With the addition of Databricks runtime 5.1 which was released December 2018, comes the ability to use Azure AD credential pass-through. This is a huge step forward since there is no longer a need to control user permissions through Databricks Groups / Bash and then assigning these groups access to secrets to access Data Lake at runtime. As mentioned previously – with the lack of support for AAD within Databricks currently, ACL activities were done on an individual basis which was not ideal. By using this feature, you can now pass the authentication onto Data Lake, and as we know one of the advantages of Data Lake is the tight integration into Active Directory so this simplifies things. Its worth noting that this feature is currently in public preview but having tested it thoroughly, am happy with the implementation/limitations. The feature also requires a premium workspace and only works with high concurrency clusters – both of which you’d expect to use in this scenario.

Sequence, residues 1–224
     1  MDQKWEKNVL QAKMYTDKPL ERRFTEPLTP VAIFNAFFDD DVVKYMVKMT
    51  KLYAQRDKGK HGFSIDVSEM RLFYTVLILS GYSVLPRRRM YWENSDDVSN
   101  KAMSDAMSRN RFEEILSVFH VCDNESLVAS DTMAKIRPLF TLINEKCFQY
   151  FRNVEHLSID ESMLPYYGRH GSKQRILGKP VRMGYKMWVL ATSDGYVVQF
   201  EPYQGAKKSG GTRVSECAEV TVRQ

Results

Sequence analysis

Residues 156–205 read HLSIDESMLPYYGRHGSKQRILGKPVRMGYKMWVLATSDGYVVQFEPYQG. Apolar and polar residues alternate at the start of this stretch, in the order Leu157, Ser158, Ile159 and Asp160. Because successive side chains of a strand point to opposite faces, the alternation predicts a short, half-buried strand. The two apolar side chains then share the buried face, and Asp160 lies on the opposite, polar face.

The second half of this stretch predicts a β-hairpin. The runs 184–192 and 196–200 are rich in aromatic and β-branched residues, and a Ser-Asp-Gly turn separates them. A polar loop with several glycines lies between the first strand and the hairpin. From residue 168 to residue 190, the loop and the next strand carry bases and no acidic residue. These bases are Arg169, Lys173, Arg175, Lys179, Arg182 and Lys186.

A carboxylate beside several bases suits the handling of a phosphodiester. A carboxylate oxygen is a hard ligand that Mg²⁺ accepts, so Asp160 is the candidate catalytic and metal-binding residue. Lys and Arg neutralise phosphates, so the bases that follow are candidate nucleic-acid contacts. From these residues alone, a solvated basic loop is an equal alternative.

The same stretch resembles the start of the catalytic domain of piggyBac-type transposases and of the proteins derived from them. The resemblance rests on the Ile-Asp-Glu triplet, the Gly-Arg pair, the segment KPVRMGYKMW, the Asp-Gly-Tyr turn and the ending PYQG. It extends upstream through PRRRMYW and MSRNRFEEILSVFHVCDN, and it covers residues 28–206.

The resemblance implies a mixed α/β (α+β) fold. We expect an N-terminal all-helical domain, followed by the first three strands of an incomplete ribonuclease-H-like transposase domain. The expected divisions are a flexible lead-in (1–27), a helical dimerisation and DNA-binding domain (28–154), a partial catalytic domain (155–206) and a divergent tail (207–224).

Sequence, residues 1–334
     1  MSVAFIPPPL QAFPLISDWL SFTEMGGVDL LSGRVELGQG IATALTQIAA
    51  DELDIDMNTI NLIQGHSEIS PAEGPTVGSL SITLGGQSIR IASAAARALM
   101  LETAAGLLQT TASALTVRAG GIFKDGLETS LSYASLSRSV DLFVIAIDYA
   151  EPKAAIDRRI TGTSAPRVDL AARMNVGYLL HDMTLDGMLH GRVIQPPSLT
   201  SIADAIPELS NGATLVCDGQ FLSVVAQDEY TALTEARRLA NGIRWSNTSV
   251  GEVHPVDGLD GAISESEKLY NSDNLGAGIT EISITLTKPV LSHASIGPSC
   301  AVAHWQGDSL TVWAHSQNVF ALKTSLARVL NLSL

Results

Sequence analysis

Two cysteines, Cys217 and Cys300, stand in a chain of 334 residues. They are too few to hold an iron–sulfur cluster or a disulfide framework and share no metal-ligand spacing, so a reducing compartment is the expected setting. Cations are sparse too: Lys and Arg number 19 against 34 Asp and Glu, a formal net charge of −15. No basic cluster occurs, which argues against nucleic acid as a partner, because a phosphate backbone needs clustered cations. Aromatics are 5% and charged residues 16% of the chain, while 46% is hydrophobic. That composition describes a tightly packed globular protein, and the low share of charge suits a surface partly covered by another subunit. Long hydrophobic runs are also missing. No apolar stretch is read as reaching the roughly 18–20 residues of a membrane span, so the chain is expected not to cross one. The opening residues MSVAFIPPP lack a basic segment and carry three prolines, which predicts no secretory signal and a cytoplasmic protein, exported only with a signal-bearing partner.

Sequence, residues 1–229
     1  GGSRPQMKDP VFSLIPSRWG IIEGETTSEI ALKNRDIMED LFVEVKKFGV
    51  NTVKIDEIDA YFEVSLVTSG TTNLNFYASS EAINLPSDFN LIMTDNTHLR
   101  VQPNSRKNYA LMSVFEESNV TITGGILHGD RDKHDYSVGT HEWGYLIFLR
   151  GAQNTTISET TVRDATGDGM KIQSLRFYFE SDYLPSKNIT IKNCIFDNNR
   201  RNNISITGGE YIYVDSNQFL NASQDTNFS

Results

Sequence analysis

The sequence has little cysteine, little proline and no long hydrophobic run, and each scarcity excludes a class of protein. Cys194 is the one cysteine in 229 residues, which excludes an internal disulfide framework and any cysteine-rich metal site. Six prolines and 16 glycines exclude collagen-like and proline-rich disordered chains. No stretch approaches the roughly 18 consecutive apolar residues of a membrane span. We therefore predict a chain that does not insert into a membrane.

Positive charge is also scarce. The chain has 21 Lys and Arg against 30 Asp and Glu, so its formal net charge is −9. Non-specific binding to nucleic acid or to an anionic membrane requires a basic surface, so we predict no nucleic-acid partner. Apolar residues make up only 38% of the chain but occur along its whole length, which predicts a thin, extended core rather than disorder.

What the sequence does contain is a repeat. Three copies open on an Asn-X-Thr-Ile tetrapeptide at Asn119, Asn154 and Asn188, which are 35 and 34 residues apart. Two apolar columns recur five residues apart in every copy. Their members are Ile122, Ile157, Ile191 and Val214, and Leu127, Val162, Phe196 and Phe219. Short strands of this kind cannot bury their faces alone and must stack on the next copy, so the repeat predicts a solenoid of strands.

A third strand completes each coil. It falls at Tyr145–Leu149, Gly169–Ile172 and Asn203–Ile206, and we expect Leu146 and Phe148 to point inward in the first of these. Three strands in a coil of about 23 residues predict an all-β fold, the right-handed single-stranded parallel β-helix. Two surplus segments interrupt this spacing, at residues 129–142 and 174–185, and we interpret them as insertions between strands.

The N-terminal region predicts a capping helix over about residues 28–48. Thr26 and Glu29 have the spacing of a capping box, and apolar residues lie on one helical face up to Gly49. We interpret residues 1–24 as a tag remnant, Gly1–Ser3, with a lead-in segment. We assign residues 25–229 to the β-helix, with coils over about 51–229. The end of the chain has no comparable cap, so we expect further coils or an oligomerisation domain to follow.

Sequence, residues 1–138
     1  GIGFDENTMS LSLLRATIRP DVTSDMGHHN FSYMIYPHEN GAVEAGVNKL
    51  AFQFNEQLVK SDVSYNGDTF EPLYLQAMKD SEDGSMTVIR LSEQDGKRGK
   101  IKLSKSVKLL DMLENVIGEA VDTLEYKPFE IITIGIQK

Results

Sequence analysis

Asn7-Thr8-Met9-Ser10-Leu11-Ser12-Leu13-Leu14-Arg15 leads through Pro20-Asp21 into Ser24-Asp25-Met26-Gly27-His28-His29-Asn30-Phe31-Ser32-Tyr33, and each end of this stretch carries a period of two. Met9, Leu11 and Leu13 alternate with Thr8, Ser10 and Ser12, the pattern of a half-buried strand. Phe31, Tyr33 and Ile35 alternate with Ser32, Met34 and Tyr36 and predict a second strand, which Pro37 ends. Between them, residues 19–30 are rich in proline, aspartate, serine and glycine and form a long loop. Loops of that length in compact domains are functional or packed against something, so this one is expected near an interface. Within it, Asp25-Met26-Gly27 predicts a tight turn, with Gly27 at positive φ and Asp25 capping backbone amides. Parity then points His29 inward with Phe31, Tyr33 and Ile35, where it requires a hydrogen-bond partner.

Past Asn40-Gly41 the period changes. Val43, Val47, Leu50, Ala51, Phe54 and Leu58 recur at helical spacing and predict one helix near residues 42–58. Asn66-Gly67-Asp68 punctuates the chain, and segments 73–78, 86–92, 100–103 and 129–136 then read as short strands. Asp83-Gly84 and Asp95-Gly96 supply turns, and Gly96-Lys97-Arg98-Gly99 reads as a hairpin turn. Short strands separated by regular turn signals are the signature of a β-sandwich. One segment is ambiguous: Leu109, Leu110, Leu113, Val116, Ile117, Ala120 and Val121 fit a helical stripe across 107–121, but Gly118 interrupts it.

It looks like this is the way to go forward with securing Azure Databricks. Read the whole thing.
You’ll notice that as part of this I’m retrieving the secrets/GUIDS I need for the connection from somewhere else – namely the Databricks-backed secrets store. This avoids exposing those secrets in plain text in your notebook – again this would not be ideal. The secret access is then based on an ACL (access control list) so I can only connect to Data Lake if I’m granted access into the secrets. While it is also possible to connect Databricks up to the Azure Key Vault and use this for secrets store instead, when I tried to configure this I was denied based on permissions. After research I was unable to overcome the issue. This would be more ideal to use but unfortunately there is limited support currently and the fact the error message contained spelling mistakes suggests to me the functionality is not yet mature.
To be charitable, there appears to be room for implementation improvement.